GROWING INSTRUCTIONS FOR
VENUS FLY TRAP (Dionaea muscipula)
by Dan Hodgson
Venus fly traps can be moderately easy to grow if certain conditions
are met and maintained. As venus fly traps grow they develop long root
systems, if the plant is healthy, so a tall pot should be used with older
plants. Some believe that a venus fly trap needs to be grown in a pot covered
in plastic or glass, as is commonly seen in nurseries. The truth is that
this will lead to overheating and shriveling, caused by that type of covering,
resulting in poor, weak and spindly growth. Plants sold in nurseries are
often planted in too small of a pot and in the wrong soil type. Typically,
you should re-pot your venus fly trap into the correct soil and a 4 or
5 inch pot. Many beginning growers will overreact to a venus fly trap losing
one of its traps. However, this is normal. The trap is the plant's leaf
and periodically the plant will lose a leaf. If you are growing your venus
fly trap in an area where it does not have access to a natural diet, such
as a terrarium, you may give it one or two flies or pet store/caught crickets
every month. You should not play with the traps (causing the trap to close
with your finger), as this drains the plant's energy . If you play wiith
a trap several times it will become less sensitive and probably die. Although,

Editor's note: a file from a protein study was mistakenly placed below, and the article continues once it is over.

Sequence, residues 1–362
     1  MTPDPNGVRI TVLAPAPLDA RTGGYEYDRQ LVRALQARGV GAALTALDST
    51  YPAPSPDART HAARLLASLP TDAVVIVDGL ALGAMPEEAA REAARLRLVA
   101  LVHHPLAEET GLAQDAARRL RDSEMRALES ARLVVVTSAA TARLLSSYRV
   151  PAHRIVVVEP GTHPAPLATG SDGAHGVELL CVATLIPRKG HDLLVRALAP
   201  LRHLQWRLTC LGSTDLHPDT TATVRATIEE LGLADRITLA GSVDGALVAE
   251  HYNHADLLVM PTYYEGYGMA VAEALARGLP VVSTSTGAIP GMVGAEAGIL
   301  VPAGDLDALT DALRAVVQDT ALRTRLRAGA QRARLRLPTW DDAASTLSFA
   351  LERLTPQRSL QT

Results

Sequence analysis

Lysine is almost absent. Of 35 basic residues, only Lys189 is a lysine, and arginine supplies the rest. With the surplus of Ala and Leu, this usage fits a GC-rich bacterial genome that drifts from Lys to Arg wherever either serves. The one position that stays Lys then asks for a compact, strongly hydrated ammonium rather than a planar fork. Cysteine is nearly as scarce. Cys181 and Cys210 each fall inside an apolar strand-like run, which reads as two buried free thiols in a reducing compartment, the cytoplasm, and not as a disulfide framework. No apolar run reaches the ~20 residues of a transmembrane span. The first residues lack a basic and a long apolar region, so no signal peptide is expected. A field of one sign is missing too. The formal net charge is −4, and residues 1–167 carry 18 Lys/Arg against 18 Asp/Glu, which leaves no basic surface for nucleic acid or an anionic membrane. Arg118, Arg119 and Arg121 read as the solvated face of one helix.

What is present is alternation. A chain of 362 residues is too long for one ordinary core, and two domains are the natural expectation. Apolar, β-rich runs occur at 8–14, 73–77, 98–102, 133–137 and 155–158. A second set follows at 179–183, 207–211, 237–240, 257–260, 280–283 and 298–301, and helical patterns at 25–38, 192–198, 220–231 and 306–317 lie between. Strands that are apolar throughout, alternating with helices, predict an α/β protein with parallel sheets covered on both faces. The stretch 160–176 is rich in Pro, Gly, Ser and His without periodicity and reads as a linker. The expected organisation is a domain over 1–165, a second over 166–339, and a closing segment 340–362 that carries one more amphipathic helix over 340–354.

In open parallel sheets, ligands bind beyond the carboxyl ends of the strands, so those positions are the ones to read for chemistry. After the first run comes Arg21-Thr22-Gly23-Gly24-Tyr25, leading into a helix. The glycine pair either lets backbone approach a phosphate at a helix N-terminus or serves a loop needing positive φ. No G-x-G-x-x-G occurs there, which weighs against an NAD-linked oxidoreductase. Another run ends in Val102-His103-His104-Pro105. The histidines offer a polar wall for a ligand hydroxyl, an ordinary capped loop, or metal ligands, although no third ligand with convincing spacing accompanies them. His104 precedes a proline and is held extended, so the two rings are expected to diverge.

this does not hurt the entire plant. If a leaf dies you should always cut
off the dead growth. Maintaining the plant, so fungus does not begin to
grow on the dead leaves.
Light -- Light should be of full sun quality and brightness.
Soil -- Sphagnum or peat moss usually make the best soil. These
can also be mixed with a little silica sand and/or orchid bark. Some growers
add charcoal to remove salts that are present.
Humidity -- The Venus Fly Trap doesn't require extremely high humidity,
but above 50%.
Temperature -- Can range from 70° - 95° F (21° - 35°
C) and down to 40° F (5° C) in the winter.
Water -- Rain water or distilled water is preferred. Keep the plant
damp, but not soaking. Many growers keep a pan beneath the pot with about
an inch of water in it to keep humidity around the plant high and to keep
the plant consistantly moist.
Dormancy -- Venus Fly Traps need a dormant period in the winter.
This period usually lasts about 3 months. As a venus fly trap enters its
dormant period, the tall large growth on it will die, leaving a few small
leaves or even just its bulb and root system. Be careful not to mistake
this for a dying plant. Many will throw away a venus fly trap entering
dormancy for this reason. During this period the temperature should be
lowered to between 45 F (8 C) and freezing. To acquire this temperature
some growers may need to store the plant in a basement or a garage, depending
on the grower's geographic location/climate. If the plant is stored in
the garage or basement, the plant will need to be treated with fungicide,
wrapped in damp sphagnum moss and placed in a plastic bag for prevention
of fungus. Check the plant regularly to confirm no fungus is growing on
the plant. Be sure to keep the venus fly trap from becoming too wet duringdormancy,
as this will cause the plant to rot.
North Dakota State University- NDSU
International Carnivorous Plants Society - ICPS
pictures courtesy of: Matt Miller, Carnivorous Plants Online 2002.